Everest climbing rules 'to be tightened'
Expeditions on Mount Everest will be more closely monitored than before from next year, the BBC has learned.
Nepalese officials say that for the first time, a government team will be located at the base camp.
They will monitor and help expedition teams, coordinate rescues and protect the environment.
The move follows embarrassing incidents on the slopes of the world's tallest peak, including a fight between sherpas and mountaineers.
"A need for a permanent government mechanism at the Everest base camp... [will] regulate mountaineering activities," Purna Chandra Bhattarai, chief of the tourism industry division that oversees mountaineering, told the BBC.
"The Integrated Service Centre will also facilitate climbers by offering them communication and safety related services."
Mr Bhattarai says that, starting from next year's spring climbing season, the team at base camp will represent the government's administration on the ground. Observers say it was getting difficult to regulate mountaineering activities from the capital, Kathmandu.
"When there is the presence of the government on the ground, the message 'violating the law is punishable' becomes clearer," he said.
Current rules require each climbing team to have a government employee as a liaison officer during expeditions.
But there has been widespread criticism that designated liaison officers often do not even leave Kathmandu and there is no-one to regulate expedition teams on the mountain.
"And even when the liaison officers rarely went to the field, they were accountable to expedition teams only and not to the system [of government]," Mr Bhattarai said.
"Now personnel with the Integrated Service Centre will also do the job of liaison officers and that will include checking climbing permits and verifying whether climbers reached the Everest summit.
"Up until now, the information whether someone made it to the summit took time to reach us in Kathmandu while the rest of the world knew about it first through the media. That will change now."
Officials and mountaineering experts also said the new regulations would constrain what they described as a growing competition to set bizarre records.
They said climbers would be required to announce beforehand if they planned to set any record.
"We have had many examples in the past when climbers did not share their plan to set a record beforehand and they made the record claims only after they reached the summit," said Ang Tshering Sherpa, the immediate past president of the Nepal Mountaineering Association - a professional body of expedition operators.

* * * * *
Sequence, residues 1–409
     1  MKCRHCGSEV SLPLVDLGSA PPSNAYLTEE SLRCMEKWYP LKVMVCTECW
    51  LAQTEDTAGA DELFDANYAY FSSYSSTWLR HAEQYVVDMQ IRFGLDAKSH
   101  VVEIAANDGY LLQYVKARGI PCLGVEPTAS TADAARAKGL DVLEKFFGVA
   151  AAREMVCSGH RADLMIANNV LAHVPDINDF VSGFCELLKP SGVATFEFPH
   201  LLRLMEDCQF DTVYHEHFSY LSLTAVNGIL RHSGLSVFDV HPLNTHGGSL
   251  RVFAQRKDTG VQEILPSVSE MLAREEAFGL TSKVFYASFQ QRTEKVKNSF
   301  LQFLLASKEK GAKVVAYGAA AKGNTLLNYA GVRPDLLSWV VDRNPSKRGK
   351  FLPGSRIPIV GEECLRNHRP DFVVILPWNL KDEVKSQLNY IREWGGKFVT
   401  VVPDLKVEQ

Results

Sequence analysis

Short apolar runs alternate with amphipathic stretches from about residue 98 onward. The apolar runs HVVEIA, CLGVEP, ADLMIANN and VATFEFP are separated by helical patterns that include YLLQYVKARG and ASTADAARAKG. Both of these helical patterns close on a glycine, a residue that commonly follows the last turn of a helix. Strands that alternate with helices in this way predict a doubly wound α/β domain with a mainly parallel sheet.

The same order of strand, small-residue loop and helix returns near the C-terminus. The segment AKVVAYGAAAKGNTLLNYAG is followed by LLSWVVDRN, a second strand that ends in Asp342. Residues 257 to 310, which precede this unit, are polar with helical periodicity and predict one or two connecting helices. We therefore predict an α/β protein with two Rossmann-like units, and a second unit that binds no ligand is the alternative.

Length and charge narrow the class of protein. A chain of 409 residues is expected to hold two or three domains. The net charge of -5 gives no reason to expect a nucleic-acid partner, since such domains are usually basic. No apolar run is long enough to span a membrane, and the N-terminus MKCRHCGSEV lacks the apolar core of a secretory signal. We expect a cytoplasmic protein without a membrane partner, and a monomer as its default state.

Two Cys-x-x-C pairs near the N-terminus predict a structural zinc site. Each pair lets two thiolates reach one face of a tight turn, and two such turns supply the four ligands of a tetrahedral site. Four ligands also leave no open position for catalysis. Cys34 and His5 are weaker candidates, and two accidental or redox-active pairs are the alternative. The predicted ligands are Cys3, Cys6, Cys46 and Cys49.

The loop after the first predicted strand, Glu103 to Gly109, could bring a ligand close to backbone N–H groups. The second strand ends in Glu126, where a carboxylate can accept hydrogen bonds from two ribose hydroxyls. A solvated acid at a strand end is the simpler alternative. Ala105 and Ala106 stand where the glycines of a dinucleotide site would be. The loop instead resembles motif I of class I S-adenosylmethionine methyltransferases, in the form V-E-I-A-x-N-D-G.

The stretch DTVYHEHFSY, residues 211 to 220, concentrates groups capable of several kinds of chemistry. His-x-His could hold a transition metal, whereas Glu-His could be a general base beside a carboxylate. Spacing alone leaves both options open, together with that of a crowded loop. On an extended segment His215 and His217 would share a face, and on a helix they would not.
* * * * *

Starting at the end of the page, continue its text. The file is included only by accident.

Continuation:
"These days we see people trying to make bizarre records like, for instance, standing on their head or taking off their clothes while on the summit.
"These behaviours don't bode well for the dignity of Everest, which is a global icon," said Mr Ang Tshering, who is also a member of the committee that has recommended the new rules.
"And now the integrated team will make sure that expedition teams inform them beforehand if they intend to make a new record.
"The team will then let the climbers know whether the planned record-making effort falls within stipulated criteria set by the government."
The incumbent president of NMA, Zimba Zangbu Sherpa, said such criteria existed in the past as well and climbers were required to inform the tourism ministry of their plans to set records.
"That rule was flouted and now the idea is to strongly remind climbers what they can do and what they cannot, just when they are about to begin the climb."
Expedition operators, however admit monitoring what happens atop Everest will be almost impossible.
"If climbers still violate the rules, the administration will not be able to stop them because the officials at base camp cannot be expected to reach the summit every now and then," said Mr Zimba Jangbu.
But the integrated team members will now be expected to go above the base camp in case of emergencies, mountaineering experts who contributed in the new policy-making said.
In a clear reference to an alleged fight between European climbers and their Nepalese mountain guides on Everest last April, they said members of the official team could also have the legal authority to deal with such situations.
The new regulations will also restrict helicopter flights to nearby Everest slopes, officials said.
"Barring rescue operations, helicopters will not be allowed to fly to nearby mountain slopes as the vibrations and even the sound can cause the snow to fall, endangering lives of other climbers," said Mr Bhattarai.
He also said rubbish management will be another major focus of the team.
Under the new rules, there will be no change in the expedition royalty fee - an important source of tourist revenue for the government - at least for now, he told the BBC.
Mount Everest hosts more than 30 expedition teams every year.
Experienced trekking and mountaineering operators said the government's plan sounded good but the question was if it would be implemented.
"The idea of regulating mountaineers from the Everest base camp itself is great (but) only if the officials entrusted with the duty are regulated first," said an expedition operator.